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NA49 Tracking

A central collision of a lead projectile with a lead nucleus as recorded by the four large volume Time Projection Chambers (TPCs) of the NA49 fixed target experiment. The 150 GeV per nucleon 208Pb beam from the SPS (total energy 32.8 TeV), coming from the lower left in the picture, interacts with the target 80 cm in front of the first TPC. For momentum determination the first two TPCs are placed inside superconducting magnets of 1.5 and 1.1 T field strength.

Over 80% of the 2000 charged particles created in central events produce tracks in the sensitive volume of the detectors. Their ionization drifts up to the readout chambers, shown as small rectangles, on the top of the detectors. A total of 182,000 readout pads record 512 time samples each for the drifting ionization. Space points, shown here is red, are reconstructed into tracks, purple, and matched over the different TPCs to global tracks, yellow, of up to 14 m length with an accuracy better than 200 microns. The specific ionization for long tracks is determined with better than 4% resolution, permitting particle identification in the relativistic rise region of energy loss.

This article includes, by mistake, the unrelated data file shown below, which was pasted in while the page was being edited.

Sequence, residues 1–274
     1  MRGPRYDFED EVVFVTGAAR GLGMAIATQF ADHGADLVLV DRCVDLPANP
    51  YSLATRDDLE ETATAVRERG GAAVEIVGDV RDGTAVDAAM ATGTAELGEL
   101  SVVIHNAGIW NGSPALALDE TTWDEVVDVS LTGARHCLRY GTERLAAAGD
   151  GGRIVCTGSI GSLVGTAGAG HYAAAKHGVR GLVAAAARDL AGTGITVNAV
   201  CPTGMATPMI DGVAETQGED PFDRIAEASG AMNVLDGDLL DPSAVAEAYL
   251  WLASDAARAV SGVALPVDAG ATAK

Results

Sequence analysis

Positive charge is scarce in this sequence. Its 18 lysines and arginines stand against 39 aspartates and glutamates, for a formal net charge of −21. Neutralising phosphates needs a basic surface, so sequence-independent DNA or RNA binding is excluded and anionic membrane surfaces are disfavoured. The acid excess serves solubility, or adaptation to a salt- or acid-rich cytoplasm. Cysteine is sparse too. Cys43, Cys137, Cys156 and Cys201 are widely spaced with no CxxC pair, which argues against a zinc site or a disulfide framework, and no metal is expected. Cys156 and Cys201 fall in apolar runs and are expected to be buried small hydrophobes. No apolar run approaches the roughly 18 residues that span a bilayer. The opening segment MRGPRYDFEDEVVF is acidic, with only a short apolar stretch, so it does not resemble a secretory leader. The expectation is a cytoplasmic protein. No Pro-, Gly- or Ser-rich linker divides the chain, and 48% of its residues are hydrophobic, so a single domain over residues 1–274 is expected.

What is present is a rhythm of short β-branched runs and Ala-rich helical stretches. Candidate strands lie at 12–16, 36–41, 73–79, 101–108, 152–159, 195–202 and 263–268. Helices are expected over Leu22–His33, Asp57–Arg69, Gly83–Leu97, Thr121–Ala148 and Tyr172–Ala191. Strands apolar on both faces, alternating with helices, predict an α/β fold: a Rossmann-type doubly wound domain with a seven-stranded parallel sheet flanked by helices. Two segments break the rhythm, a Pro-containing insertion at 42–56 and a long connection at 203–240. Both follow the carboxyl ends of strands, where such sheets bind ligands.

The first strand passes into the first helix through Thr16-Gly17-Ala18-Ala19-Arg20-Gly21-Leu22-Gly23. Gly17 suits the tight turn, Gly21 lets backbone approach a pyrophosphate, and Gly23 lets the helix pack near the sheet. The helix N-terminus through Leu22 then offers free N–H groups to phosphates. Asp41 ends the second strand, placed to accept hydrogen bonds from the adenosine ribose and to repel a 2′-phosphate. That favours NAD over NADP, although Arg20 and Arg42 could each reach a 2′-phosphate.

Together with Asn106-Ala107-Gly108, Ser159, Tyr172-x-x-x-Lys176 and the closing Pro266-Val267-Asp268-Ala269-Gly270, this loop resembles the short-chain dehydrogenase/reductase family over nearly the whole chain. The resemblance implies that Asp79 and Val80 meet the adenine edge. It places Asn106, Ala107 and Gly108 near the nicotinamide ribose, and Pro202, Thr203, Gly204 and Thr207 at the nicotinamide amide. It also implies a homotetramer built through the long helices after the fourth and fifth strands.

The aim of the experiment is to study the non-perturbative QCD processes leading to the production and decay of the large partonic systems formed in central Pb+Pb collisions, reaching energy densities 20 times normal nuclear density for a brief instant of time.

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